August 4, 2023

The Transfiguration of the Lord / Msgr. Owen F. Campion

The Sunday Readings

Msgr. Owen CampionThis weekend the Church invites us to celebrate the Feast of the Transfiguration of the Lord.

The first reading for Mass on this feast is from the Book of Daniel. When this book was written, times were terrible for the Jews.

Alexander the Great died in 323 BC. His vast empire disintegrated and powerful generals seized parts for themselves. The part taken by Seleucus centered in Antioch, in modern Turkey, and included the Holy Land. Decades passed. Seleucus died, to be succeeded by his descendants, one of whom, Antiochus IV, saw himself as divine.

Imagining that he was a god, Antiochus IV brutally forced his subjects to worship him. Pious Jews stubbornly refused. The Book of Daniel is about Hebrew heroes who withstood this idolatry. The purpose of the book is clear. It was to rally Jews living under Antiochus IV to resist yielding to the royal demands that they salute Antiochus as a god.

In this reading, Daniel has a highly symbolic apocalyptic vision of the world in which Almighty God is supreme, and all proclaim his greatness.

If Daniel was written in symbolic code, so was the Second Epistle of St. Peter, which provides the second reading. This epistle appeared when times were bad, indeed fearful, for Christians. The Roman Emperor Nero was never timid when it came to oppressing Christians.  

So, in calling believers to be steadfast in following Christ, the Epistle filled a genuine need, but for many early Christians, following Christ could be confusing.

Stories and legends, some perhaps developed in good intentions, others with less noble purposes, blurred the message of and about Jesus. This epistle insisted that Christians listen to the true story of Christ as given them by the Apostles. The true story is the guide to salvation. The Lord made this story available to all by teaching and commissioning the Apostles.

St. Matthew’s recounting of the transfiguration of the Lord supplies the third reading. Jesus often faced demands for a sign from God that he was the Messiah. Skeptics, maybe honestly curious, raised these demands.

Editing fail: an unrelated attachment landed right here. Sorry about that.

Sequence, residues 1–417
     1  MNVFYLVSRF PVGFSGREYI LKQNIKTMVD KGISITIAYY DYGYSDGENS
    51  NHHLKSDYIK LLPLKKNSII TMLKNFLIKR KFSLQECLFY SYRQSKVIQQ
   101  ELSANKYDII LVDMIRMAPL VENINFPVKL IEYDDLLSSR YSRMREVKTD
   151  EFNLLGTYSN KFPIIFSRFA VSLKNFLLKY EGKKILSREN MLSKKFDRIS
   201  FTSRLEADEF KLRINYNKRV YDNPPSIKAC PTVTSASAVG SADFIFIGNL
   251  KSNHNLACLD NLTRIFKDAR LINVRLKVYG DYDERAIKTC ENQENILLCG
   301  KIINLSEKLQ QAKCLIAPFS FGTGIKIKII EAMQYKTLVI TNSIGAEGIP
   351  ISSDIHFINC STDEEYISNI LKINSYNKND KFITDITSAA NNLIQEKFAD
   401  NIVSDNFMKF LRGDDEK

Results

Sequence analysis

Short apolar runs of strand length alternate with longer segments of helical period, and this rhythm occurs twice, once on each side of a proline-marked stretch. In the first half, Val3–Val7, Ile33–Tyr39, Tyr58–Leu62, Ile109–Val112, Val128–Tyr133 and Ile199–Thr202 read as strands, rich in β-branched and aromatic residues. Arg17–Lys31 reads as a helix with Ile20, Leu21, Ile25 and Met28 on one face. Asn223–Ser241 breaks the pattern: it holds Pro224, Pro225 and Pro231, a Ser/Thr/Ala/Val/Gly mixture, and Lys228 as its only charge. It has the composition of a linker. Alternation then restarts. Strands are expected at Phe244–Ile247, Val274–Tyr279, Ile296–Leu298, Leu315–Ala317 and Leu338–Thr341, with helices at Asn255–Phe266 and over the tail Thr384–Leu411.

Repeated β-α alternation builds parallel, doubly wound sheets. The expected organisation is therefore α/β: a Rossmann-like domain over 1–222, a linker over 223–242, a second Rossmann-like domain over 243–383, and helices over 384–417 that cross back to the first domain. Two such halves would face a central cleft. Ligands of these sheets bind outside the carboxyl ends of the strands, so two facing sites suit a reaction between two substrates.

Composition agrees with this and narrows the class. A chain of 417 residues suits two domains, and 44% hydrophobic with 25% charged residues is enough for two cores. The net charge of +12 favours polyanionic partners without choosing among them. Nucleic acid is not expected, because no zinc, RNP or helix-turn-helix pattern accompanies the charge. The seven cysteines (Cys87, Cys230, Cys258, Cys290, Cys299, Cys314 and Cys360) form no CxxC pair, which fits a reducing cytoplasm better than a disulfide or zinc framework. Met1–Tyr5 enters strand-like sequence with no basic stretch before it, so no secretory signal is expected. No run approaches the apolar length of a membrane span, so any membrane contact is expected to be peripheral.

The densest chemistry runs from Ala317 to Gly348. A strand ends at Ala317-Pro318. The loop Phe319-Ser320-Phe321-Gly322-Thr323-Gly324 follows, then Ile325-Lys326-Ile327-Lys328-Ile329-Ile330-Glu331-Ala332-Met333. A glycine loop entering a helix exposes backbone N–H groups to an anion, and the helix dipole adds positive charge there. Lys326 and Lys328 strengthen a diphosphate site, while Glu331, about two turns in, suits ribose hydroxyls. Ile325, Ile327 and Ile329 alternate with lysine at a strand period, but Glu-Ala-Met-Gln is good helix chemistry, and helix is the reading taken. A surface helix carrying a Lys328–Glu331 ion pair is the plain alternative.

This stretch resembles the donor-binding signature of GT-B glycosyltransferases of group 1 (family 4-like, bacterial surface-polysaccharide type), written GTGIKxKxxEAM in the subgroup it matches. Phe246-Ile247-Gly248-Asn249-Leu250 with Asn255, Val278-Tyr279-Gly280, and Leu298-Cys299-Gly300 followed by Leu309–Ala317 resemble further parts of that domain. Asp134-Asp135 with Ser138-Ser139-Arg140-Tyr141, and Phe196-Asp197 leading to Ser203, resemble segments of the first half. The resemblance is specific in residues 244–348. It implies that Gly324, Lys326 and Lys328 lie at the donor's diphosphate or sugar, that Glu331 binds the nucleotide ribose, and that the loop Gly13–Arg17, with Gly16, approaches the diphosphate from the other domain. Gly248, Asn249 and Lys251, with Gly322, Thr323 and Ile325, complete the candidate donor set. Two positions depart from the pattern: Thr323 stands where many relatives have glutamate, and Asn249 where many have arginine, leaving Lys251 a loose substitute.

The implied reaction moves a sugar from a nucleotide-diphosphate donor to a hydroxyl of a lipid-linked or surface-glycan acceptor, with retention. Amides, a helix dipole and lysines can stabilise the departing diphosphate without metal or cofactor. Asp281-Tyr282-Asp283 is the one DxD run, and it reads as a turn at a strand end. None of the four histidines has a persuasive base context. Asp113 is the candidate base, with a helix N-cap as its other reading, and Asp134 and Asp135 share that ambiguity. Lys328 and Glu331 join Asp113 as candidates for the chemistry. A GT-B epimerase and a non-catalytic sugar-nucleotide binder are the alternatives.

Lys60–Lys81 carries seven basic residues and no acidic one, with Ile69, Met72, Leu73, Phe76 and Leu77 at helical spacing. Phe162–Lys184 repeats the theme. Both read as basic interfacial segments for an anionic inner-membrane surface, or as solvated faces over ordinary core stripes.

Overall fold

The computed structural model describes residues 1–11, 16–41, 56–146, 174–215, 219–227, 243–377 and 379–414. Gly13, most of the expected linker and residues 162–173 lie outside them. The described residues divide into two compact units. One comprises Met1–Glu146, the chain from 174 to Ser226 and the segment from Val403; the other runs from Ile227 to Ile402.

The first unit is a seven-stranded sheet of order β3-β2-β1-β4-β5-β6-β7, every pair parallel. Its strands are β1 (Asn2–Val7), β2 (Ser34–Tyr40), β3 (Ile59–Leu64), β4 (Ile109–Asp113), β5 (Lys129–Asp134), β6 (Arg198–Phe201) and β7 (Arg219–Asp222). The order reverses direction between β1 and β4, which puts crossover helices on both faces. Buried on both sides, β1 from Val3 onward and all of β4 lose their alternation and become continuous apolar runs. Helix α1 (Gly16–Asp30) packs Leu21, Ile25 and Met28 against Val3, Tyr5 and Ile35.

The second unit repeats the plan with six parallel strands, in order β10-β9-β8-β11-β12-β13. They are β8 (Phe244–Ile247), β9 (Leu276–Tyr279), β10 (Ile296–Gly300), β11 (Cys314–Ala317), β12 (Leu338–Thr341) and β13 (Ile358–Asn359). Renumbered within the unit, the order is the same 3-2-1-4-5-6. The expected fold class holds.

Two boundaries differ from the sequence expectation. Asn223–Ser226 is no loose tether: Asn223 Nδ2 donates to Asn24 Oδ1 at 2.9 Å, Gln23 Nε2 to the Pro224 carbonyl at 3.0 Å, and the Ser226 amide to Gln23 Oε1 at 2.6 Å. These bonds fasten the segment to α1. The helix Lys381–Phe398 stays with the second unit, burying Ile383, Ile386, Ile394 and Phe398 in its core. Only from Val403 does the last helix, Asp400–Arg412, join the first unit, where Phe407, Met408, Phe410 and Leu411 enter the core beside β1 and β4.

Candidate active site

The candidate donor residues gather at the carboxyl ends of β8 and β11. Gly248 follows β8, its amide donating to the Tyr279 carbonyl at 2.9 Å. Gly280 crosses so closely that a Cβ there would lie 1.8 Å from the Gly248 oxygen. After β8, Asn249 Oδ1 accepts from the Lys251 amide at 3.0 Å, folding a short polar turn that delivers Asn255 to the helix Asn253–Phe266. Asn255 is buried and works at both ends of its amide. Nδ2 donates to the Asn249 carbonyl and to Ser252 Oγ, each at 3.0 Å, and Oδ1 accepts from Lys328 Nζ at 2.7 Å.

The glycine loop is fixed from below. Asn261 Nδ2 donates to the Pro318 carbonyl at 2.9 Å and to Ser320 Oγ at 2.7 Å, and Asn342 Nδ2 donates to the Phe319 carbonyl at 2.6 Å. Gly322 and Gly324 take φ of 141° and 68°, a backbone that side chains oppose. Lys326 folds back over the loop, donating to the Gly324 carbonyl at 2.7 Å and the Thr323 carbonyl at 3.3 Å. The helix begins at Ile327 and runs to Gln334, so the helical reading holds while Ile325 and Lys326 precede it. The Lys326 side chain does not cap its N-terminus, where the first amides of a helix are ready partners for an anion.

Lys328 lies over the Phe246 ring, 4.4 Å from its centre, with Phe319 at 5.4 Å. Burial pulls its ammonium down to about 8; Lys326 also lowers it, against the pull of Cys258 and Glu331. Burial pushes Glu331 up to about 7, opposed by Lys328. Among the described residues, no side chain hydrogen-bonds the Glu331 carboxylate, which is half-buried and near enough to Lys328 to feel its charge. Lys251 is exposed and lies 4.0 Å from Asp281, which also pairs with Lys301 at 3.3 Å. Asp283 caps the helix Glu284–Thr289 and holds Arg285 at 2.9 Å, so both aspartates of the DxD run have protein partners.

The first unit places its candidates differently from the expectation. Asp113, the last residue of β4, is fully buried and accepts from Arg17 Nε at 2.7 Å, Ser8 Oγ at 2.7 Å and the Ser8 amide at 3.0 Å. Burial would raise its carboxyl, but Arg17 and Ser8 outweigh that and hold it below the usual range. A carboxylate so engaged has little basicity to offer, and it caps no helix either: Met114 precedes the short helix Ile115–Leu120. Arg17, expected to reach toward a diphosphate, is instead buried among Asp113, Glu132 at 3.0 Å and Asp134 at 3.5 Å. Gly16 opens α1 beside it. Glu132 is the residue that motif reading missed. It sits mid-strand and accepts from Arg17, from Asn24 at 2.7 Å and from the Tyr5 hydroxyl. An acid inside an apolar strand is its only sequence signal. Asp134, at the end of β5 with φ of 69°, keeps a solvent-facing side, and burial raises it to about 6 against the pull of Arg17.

Jesus was not silent. This section of Matthew is filled with responses to these demands. Jesus fed the multitudes with five loaves and two fish. He walked on water. He healed the sick. He foretold the future. He forgave sinners, an action only possible for God since all sin offended God in the last analysis.

Dramatically, Jesus stood before Peter, James and John in the full radiance of divinity. He was God, the promised Messiah.

The transfiguration profoundly placed before human vision Jesus, God as well as human.


For Peter, James and John, the transfiguration was a breath-taking moment in their lives. They saw Jesus in the full revelation of the Lord’s divinity and majesty. As several years passed, they, too, were transfigured. Called by Jesus, strengthened by the Holy Spirit, no longer confused or hesitant, although at times still sinful, they became models of the Lord’s glory in their lives, ordinary humans though they remained.

Recently, Cardinal Reinhard Marx, of Munich, Germany, publicly acknowledged, and asked forgiveness for, the conduct during the Second World War of a now deceased Germán bishop, Matthias Defreger, who was an officer in the German army when it invaded Italy.

Captain Defreger led an especially atrocious attack on a small Italian village, virtually destroying the town, indiscriminately slaughtering men, women and children—all innocent civilians—to set an example for anyone who considered resisting the invaders.   This raid illustrated how terrible can be human behavior when it ignores God.

By seeing and responding to Christ’s perfection with its mercy, unqualified outreach, energy and love, we can experience God’s grace transfiguring us.  Then, how magnificent we would be, how beautiful life would be! †

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